ISSN No. 1606-7754                   Vol.14 No.1  April 2006

High levels of F2-Isoprostanes in Jamaican adults with diabetes mellitus
A O’Connor,1 N McFarlane-Anderson,¹ EM Duff,² R Wright-Pascoe,³ YB Wint2
Department of Basic Medical Sciences,¹ The University of the West Indies School of Nursing,²Department of Medicine,³ Faculty of Medical Sciences, The University of the West Indies, Kingston, Jamaica


Inadequate glycaemic control in Jamaican adults with type 2 diabetes mellitus (DM) prompted assessment of glycaemic control, oxidative stress, cardiovascular (CV) and renal risk in adults attending a hospital clinic. A random sample of 133 patients men (n=35) and women (n=98), with diabetes mellitus was selected from a population of 510 patients. Fasting blood samples (n=122) were evaluated for metabolic control and dyslipidaemia. Oxidative stress was evaluated by measurement of urinary F2 isoprostane (n=124). The data were analysed using SPSS. The mean age of the participants was 56.7 ± 14.3 years, with mean duration of diabetes of 12.2 years. Mean fasting blood sugar was 8.6 ± 4.3 mmol/L. 77% of patients had HbA1c > 6.5%. 69% of patients were being treated with insulin with no difference in HbA1c levels in these patients compared to those receiving other hypoglycaemic agents. 90% of men (median 1004pg/mg creatinine) and 99% of women (median 1501.3pg/mg) had isoprostane levels above the median for subjects with CV risk. 54% of patients had total cholesterol levels ≥ 5.2 mmol/L, 16% triglyceride levels ≥ 1.5 mmol/L, 25% HDL levels ≤ 1.0mmol/L and 86% LDL ≥ 2.5mmol/L. 63 % of patients had BP >130/85 mmHg. 81% were overweight or obese, with 80% of the men having waist circumferences >88 cm, whereas 87% of the women had waist circumferences of 84.5cm. Microalbuminuria was increased in 37% of the subjects. The high prevalence of overweight, central obesity, elevated LDL and hypertension in these patients indicated high CV and renal risk. The risk was significantly higher in persons with inadequate glycaemic control. Isoprostane levels were high in the majority of subjects but did not correlate with HbA1c or any other variable. (Int J Diabetes 14: 51-54, 2006 )

Key words: Isoprostanes, cardiovascular risk, renal risk, BMI


Hyperglycaemia increases the risks for the chronic complications of diabetes and thus increases morbidity and mortality. Improved glycaemic control may prevent the appearance and enhance the regression of macrovascular and microvascular complications. Macrovascular complications make the greatest contribution to the burden of diabetes1 and are decreased with glycaemic control.2 The prevalence of DM is high in Jamaica and the Caribbean and many patients have poor metabolic control.3,4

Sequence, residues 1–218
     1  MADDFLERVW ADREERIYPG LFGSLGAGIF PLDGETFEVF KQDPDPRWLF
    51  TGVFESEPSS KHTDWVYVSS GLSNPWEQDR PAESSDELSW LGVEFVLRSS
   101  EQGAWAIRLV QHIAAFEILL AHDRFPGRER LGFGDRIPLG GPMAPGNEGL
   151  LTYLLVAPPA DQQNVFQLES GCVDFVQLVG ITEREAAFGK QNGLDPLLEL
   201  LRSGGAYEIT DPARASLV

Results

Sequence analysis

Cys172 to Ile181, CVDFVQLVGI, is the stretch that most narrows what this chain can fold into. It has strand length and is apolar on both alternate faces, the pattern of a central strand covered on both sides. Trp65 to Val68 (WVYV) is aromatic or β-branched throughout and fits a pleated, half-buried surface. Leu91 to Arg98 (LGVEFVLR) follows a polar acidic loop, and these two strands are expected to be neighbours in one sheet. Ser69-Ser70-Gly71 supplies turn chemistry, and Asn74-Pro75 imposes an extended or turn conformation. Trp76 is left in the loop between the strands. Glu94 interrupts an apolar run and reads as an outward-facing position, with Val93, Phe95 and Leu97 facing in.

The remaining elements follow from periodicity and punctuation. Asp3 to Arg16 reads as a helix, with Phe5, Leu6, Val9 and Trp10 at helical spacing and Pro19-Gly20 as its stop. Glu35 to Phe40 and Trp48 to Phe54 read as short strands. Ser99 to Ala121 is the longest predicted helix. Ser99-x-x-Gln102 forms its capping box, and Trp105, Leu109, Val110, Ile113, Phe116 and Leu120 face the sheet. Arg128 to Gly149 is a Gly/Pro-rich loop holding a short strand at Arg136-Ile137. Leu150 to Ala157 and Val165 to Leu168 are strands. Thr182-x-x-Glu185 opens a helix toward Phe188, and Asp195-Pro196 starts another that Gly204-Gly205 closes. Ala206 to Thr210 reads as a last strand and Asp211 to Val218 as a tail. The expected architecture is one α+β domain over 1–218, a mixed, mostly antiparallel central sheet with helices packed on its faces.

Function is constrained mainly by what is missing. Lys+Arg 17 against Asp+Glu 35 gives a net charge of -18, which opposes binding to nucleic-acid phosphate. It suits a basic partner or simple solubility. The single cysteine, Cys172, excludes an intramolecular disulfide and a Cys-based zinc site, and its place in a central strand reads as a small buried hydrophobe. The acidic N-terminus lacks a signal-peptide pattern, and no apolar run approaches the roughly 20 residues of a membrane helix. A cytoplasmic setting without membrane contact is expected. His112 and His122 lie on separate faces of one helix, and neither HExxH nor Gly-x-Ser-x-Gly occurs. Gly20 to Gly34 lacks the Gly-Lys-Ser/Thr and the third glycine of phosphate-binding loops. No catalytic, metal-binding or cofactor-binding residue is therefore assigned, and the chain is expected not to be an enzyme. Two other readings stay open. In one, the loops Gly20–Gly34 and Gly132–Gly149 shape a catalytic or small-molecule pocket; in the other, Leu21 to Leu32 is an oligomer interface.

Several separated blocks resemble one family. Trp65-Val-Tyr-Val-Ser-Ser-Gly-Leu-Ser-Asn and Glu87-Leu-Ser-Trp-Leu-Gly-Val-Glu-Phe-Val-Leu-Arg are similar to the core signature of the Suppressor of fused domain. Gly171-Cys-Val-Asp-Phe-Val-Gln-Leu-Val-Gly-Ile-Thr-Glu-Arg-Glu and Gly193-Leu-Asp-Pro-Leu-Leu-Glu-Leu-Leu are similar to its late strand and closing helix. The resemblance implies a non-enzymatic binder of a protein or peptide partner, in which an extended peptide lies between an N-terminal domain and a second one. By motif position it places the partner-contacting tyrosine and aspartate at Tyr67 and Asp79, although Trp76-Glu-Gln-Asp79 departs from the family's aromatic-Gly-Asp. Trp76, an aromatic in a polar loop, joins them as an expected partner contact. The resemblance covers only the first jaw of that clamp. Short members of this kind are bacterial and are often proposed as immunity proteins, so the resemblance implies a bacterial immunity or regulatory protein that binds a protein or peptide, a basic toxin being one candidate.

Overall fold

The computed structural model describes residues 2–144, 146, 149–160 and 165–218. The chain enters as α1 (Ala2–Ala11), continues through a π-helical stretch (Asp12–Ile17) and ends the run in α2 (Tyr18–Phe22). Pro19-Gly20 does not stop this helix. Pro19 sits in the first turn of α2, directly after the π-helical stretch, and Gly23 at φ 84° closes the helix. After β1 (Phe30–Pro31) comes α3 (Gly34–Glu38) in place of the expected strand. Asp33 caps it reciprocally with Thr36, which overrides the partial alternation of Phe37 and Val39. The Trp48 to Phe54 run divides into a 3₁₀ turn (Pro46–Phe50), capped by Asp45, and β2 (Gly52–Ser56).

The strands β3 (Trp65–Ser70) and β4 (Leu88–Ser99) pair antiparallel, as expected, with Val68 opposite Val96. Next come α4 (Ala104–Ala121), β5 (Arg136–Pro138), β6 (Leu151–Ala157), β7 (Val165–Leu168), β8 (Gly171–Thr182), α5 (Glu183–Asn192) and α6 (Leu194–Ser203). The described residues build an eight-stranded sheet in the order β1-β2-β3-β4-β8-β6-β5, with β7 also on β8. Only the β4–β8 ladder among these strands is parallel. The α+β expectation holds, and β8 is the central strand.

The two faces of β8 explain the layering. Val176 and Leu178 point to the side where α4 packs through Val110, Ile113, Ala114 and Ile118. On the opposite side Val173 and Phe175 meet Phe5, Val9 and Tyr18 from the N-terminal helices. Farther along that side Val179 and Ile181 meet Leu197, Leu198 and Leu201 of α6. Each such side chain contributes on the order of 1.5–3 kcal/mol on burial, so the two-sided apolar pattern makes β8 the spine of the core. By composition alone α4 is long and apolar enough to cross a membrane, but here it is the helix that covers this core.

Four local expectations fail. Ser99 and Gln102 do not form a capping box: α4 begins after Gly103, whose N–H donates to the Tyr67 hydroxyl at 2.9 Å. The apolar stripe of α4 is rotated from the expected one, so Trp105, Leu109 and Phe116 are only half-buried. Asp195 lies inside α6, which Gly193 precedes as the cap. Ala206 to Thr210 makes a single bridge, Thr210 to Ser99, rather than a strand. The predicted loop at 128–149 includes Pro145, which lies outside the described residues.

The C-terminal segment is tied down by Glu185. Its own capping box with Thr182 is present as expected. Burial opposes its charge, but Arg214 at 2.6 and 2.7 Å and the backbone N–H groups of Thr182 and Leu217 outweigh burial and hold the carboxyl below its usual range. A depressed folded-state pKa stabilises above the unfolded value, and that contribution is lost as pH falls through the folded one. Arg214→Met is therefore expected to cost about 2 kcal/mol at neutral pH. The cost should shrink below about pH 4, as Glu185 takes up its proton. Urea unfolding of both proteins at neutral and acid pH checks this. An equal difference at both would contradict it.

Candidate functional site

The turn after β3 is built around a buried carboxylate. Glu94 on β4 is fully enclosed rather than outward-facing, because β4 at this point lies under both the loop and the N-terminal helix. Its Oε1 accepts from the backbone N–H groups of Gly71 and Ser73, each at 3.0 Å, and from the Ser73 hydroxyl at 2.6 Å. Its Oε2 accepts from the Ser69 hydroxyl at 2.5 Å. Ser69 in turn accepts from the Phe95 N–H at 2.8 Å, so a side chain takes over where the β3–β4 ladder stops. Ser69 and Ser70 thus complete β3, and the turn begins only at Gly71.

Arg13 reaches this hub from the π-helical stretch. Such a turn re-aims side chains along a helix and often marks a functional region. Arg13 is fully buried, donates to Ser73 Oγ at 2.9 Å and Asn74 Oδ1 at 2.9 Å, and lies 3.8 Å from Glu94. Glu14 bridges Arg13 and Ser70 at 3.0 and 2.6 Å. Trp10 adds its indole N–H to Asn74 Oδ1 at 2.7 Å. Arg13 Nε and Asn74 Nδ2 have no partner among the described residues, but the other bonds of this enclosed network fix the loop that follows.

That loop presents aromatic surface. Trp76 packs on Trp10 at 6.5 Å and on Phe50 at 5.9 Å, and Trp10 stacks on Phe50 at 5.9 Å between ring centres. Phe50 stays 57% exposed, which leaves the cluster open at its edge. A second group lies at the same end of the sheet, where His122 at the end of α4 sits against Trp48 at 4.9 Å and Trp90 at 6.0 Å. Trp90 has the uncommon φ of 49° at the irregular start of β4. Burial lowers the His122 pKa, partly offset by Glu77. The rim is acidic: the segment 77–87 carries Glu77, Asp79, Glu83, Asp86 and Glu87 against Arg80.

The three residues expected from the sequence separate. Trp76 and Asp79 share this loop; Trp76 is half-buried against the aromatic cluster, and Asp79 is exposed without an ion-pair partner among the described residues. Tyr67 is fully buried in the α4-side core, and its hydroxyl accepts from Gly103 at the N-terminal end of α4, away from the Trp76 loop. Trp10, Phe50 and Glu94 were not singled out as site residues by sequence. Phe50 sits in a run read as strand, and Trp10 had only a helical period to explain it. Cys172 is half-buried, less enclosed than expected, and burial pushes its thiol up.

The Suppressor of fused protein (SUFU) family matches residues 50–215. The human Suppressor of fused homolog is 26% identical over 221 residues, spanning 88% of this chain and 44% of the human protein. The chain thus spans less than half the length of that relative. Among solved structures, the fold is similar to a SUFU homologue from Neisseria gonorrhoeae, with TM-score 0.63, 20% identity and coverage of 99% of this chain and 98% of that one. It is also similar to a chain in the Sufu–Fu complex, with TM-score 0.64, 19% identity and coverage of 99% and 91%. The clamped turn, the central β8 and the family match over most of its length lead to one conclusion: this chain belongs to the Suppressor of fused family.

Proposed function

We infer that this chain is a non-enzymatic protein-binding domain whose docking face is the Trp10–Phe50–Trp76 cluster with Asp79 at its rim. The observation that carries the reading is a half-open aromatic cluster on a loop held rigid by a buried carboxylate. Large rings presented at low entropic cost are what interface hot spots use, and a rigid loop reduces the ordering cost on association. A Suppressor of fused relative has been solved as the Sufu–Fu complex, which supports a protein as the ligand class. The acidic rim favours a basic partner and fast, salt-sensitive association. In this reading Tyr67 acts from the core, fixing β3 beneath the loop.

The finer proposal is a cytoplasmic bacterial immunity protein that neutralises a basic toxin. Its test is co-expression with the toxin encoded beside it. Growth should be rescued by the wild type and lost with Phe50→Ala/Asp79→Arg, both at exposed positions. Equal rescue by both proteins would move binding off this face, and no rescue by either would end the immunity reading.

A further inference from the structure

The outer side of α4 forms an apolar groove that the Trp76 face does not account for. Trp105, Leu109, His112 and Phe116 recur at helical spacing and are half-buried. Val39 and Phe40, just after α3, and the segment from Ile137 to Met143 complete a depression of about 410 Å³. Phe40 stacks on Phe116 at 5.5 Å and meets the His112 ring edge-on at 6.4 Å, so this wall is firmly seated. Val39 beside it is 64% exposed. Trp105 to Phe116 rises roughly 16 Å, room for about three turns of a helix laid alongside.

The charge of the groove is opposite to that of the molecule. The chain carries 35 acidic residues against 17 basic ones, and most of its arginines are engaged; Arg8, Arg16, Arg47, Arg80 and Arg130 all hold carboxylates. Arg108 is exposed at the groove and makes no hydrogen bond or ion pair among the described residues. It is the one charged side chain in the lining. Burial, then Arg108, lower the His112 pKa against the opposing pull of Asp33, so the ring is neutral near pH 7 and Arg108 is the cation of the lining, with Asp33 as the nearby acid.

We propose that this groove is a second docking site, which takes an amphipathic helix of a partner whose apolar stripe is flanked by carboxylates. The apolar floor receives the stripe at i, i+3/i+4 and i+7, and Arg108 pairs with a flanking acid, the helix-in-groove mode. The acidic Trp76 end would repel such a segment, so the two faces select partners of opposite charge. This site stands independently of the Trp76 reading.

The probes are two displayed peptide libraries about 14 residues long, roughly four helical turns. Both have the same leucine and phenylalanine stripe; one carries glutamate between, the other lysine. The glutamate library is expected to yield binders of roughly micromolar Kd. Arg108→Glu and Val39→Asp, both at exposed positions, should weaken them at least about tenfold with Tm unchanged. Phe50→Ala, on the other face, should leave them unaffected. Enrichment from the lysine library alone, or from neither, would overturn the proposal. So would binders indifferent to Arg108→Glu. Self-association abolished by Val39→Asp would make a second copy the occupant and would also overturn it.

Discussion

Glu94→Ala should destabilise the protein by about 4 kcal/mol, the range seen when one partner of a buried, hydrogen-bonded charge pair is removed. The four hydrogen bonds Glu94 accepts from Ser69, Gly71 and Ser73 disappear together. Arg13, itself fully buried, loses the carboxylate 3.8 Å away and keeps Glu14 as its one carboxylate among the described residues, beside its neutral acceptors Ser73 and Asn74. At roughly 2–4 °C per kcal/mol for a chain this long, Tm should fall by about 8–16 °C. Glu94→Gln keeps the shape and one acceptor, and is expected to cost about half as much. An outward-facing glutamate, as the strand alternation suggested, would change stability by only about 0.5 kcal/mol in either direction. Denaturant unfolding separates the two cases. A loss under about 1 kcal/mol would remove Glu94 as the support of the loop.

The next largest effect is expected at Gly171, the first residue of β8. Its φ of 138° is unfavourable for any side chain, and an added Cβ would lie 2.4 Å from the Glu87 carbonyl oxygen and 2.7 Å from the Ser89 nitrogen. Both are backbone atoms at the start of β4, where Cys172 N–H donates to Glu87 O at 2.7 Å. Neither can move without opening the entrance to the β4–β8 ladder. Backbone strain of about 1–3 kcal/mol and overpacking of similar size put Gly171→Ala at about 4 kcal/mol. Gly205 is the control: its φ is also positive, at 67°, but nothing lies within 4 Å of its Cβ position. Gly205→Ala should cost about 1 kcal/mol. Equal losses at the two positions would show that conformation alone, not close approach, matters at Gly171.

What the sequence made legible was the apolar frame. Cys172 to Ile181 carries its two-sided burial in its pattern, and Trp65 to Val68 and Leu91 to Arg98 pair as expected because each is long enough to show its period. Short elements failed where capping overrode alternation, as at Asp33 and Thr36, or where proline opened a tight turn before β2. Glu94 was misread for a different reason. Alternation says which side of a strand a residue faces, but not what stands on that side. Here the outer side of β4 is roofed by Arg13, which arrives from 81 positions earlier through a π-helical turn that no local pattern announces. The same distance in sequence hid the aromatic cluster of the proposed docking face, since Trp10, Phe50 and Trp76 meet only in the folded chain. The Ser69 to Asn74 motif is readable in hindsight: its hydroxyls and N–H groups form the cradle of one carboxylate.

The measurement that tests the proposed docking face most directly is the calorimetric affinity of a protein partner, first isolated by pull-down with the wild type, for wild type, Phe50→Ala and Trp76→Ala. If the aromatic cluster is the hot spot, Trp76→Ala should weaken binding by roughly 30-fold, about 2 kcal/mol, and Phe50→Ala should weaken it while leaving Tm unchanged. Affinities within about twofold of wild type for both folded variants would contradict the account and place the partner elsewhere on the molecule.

Heart disease is the leading cause of death in persons with DM.5 Cardiovascular (CV) disease in diabetes is multifactorial and risk factors include hypertension, dyslipidemia, insulin resistance and central obesity.6 Recently, oxidative stress has been suggested as another potential mechanism. Possible sources of oxidative stress in DM include altered carbohydrate and lipid metabolism and decreased levels of antioxidant defenses. Investigation of oxidative stress may therefore be useful in understanding DM and CV disease. Growing evidence suggests that isoprostanes are reliable and sensitive markers of in vivo lipid peroxidation. Studies have shown an effect of glucose on oxidative stress, and positive associations between indices of obesity such as BMI and waist/hip ratio and urinary levels of 8-epi-PGF2a. Insulin itself promotes hydrogen peroxide generation in fat cells, prompting speculation that oxidative stress is a mechanism of insulin resistance in chronic hyperinsulinaemia.7 A previous study on subjects with at least one CV risk factor but no history of CV disease, reported a median (range) of 141 (67-498) pg/mg creatinine in subjects treated with vitamin E supplementation and 148 (76-561) pg/mg creatinine in untreated subjects.8 Another study reported high values in subjects with android obesity.9

Hypertension is known to be a major risk factor for the development of diabetic renal disease and hyperglycaemia also has a role in the development of diabetic nephropathy.10 Microalbuminuria is a predictor of CD disease and renal failure in populations of European origin and in other races such as Australian Aborigines.11 This study therefore sought to assess the level of glycaemic control and indicators for CV and renal risk, including oxidative stress, in adults attending a hospital clinic in Jamaica.

hndarrw01d.gif (182 bytes)

Table of Contents

Back to